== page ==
Wherever you live – is it the pace of life which attracts you, or do you miss what you once had elsewhere?
© Debra Carey, 2019
I love urban life (mainly because I hate driving) but have considered that a small town with a Main Street would be nice. I am tired of the crowds and the hurry, but would miss the variety of cultural opportunities that I have now
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OK, on a scale of 1-10 how essential was your networking event? Was it mainly social? If so you can relax it will happen again and will probably go ahead next time. Was it business? If so what other opportunities are there to fill in the gap? Does it have to be a networking event? Is there an actual financial cost or a potential one?
By considering this sort of question you can get a perspective on what is going on and its relative importance. One of my late father’s regular quotations was “What is this life if, full of care, we have no time to stand and stare?” which is a prety good motto, I think. On the other hand another of his favourites was from ‘If’ … “If you can fill the unforgiving minute with sixty seconds worth of distance run” etc 🙂 At first sight this cancels out his first quotation, but (and if I could put in italics they’d go here!) who defines ‘sixty seconds of worth’? It could be sixty seconds worth of standing still fully appreciating a work of art, a sunset, a swan gliding effortlessly across a lake. It doesn’t have to be sixty seconds worth of busyness.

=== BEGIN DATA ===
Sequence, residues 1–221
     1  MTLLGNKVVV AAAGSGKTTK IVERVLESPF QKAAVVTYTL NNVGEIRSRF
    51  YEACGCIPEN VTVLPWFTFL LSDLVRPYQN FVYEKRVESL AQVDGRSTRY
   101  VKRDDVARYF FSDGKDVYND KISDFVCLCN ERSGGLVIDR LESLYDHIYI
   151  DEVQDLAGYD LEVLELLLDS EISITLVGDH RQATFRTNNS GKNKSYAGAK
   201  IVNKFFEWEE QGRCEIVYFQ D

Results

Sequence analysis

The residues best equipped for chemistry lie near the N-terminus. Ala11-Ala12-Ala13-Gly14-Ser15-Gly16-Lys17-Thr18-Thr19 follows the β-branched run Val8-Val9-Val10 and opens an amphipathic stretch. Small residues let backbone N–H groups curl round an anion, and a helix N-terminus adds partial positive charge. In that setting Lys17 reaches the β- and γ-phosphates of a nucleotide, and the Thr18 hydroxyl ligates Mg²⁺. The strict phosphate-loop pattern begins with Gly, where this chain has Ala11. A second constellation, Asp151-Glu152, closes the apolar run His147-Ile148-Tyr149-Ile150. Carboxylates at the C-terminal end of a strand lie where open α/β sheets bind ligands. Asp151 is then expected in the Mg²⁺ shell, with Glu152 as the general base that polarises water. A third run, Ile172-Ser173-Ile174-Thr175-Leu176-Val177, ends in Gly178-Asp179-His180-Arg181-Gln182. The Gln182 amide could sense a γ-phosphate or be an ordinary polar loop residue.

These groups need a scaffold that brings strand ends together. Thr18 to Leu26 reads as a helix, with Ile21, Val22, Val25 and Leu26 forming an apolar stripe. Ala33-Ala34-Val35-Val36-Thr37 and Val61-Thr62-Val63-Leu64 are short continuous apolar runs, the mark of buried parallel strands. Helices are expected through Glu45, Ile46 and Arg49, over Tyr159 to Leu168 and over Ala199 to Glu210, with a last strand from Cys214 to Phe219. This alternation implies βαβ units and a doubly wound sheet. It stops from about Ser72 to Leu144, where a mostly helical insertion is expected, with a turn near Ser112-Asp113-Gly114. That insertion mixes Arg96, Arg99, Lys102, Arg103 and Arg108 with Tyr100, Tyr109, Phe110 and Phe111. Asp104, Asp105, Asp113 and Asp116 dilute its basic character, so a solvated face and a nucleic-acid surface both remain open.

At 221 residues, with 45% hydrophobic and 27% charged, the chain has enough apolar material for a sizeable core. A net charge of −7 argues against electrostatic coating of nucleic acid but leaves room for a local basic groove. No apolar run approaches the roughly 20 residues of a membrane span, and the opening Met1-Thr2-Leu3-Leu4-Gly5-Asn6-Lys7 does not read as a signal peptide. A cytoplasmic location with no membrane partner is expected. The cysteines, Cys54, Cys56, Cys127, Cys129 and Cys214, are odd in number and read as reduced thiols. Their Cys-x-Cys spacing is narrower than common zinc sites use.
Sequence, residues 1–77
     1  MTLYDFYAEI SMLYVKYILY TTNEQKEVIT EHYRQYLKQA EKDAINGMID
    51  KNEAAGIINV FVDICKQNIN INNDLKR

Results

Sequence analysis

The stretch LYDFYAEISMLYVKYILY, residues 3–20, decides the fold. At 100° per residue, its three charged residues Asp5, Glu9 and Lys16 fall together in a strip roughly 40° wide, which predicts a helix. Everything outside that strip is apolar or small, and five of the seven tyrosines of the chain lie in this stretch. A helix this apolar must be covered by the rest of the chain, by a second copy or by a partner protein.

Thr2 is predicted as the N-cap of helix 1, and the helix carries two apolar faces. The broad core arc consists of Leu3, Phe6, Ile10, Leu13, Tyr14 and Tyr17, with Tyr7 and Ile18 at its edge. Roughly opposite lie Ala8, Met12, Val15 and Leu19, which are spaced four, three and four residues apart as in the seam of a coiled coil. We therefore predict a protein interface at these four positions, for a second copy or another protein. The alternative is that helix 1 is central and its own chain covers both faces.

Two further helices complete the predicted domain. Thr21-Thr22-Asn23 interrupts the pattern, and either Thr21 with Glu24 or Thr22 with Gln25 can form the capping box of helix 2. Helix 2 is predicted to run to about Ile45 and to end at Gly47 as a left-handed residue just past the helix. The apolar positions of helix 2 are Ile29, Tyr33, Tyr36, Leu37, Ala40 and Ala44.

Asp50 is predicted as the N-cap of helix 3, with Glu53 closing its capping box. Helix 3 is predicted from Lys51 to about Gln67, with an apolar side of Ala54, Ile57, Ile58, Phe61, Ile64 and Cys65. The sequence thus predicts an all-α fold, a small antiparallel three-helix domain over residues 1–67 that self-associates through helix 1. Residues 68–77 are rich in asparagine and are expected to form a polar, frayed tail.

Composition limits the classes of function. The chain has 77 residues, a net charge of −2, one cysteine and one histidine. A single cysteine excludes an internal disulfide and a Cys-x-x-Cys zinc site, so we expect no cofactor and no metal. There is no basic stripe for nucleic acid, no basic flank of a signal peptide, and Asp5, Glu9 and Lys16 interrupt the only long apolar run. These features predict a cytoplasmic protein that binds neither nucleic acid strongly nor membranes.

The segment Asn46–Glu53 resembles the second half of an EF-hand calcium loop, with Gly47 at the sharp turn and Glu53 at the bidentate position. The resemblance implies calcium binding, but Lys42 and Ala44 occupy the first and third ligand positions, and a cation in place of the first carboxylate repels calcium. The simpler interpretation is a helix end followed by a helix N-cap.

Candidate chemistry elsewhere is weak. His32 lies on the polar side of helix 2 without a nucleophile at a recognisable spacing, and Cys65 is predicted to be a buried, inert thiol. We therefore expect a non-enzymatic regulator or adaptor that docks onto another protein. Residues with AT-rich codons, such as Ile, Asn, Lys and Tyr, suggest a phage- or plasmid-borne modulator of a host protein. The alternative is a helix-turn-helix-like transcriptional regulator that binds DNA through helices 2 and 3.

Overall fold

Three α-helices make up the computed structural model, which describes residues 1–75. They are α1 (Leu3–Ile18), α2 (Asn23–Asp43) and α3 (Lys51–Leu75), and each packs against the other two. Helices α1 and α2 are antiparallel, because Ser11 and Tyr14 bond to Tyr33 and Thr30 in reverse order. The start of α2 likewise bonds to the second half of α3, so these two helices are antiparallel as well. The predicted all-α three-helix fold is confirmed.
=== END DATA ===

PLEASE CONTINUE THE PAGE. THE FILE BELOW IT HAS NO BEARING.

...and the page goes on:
I was born in London and later worked there until I moved away and I now find it quite unpleasant coping with the Tube or buses. There is still a little magic walking by the Thames – until you get mown down by joggers or cyclists. I like living in the country, and I like the small city of Ely – except on market day when parking is a nightmare. There are problems – our bus service was cut from hourly to two-hourly for example and we no longer have a direct bus to Cambridge – but on the whole it is friendlier and we have time to chat to people and stand and stare!